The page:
Citrus sinensis (L.) Osbeck
Received as budwood from Rubidoux variety block, 1914.
Apparently a limb sport of Washington navel orange.
Rootstocks of accession
Carrizo citrange, C-35 citrange
Season of ripeness at Riverside
December to January
Notes and observations
EMN, 1985: Fruits somewhat ridged. This accession had psorosis, removed by thermotherapy (Thermo 1273-28).
EMN, 2/12/1988: Trees are small and appear to be weak growing. Light rind color but most fruits have 1 to 3 thin, raised, darker orange "ribs" running the length of the fruit. TCI, on pp 485-486, describes these "ribs" so this is not a budwood mixup with CRC 609, McFadden Ribbed navel which exhibits no ribs at all, like I thought it might be. Rind of this accession may be somewhat thinner than most navels; otherwise fruit is navel-like inside.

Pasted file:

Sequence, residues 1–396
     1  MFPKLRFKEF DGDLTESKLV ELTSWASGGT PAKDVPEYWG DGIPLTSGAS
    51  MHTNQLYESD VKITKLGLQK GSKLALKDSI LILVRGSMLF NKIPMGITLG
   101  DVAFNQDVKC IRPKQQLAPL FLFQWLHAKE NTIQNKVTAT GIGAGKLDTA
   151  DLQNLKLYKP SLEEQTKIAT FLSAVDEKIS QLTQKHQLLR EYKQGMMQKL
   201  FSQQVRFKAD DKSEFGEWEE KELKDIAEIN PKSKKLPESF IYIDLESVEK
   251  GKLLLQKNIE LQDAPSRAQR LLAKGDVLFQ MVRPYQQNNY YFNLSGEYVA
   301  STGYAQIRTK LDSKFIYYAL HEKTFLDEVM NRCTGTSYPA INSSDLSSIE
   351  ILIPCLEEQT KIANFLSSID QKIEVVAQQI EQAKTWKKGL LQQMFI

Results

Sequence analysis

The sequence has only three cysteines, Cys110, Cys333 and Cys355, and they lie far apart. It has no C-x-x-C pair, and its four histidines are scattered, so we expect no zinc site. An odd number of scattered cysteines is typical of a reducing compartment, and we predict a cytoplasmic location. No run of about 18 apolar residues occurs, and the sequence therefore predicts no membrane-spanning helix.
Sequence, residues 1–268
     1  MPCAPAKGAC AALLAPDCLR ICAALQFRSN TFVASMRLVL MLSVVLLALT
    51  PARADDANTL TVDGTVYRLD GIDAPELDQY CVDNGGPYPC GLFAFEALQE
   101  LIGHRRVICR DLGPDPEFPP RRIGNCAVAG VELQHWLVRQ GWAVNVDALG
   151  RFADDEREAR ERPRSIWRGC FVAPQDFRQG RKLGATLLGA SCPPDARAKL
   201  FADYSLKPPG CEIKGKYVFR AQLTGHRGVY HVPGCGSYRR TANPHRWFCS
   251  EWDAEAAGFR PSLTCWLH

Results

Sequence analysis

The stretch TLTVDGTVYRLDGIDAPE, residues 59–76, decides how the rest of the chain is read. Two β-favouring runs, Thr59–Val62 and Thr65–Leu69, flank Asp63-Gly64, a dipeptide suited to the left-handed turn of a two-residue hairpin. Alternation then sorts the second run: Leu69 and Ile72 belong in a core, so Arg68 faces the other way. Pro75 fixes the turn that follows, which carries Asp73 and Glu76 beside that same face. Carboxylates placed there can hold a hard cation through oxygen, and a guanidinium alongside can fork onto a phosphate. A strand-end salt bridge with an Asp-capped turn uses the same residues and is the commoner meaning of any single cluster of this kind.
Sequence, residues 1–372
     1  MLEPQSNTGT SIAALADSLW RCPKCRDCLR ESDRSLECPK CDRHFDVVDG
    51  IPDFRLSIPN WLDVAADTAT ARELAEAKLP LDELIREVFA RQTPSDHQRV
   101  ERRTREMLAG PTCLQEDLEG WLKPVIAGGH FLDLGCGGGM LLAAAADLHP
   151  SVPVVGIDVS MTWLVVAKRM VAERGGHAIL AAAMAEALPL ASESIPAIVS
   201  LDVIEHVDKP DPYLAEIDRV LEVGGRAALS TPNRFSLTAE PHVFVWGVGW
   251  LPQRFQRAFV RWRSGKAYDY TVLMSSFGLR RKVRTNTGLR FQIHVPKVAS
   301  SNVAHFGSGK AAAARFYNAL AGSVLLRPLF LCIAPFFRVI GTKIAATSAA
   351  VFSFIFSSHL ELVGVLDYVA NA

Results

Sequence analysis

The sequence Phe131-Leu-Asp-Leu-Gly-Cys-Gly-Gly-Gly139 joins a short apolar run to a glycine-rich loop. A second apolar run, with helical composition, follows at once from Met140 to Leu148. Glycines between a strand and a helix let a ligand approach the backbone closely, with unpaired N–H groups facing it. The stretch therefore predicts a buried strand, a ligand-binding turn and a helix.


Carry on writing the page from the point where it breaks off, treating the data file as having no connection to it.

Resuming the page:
Description from The Citrus Industry Vol. 1 (1967)
"Fruit oblong to ellipsoid; apex nipple-like, containing a closed navel; rind very smooth, thin, and leathery. Yellowish-orange colored, with occasional narrow orange streaks or ribs. Matures considerably earlier than Washington.
Tree slow-growing, small, and weak.
Buckeye is reported to have originated in California as a limb sport of Washington. It was introduced in 1903 by the R. M. Teague Nurseries of San Dimas. This weak-growing and chimeric variety has never attained much commercial importance."
Not commercially available in California.